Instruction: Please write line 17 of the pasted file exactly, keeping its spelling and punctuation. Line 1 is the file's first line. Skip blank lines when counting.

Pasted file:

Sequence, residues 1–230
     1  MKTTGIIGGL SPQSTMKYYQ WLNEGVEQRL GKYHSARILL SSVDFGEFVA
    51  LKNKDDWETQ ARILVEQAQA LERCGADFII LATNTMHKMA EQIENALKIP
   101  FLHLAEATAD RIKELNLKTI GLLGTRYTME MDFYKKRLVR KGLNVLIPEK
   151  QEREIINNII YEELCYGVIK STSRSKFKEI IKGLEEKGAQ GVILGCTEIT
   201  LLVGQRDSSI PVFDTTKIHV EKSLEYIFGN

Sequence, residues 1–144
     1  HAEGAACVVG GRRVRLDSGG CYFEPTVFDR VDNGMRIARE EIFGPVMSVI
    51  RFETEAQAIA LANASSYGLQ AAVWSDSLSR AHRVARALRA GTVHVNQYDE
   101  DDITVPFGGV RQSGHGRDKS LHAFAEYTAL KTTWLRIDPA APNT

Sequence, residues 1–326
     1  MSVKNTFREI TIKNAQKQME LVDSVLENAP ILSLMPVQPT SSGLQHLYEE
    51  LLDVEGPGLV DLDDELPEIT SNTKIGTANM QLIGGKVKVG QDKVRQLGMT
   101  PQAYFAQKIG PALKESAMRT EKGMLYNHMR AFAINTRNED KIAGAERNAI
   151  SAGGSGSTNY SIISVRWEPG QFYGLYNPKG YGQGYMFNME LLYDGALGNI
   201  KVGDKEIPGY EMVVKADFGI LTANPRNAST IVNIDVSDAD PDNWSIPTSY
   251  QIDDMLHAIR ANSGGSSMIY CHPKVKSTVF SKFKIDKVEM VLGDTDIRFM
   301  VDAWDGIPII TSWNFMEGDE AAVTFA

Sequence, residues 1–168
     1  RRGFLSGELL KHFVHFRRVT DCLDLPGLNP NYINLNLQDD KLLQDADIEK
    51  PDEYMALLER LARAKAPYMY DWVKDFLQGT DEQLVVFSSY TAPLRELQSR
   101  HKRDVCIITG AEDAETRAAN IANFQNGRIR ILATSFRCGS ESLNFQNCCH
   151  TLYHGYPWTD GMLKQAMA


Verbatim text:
   251  QIDDMLHAIR ANSGGSSMIY CHPKVKSTVF SKFKIDKVEM VLGDTDIRFM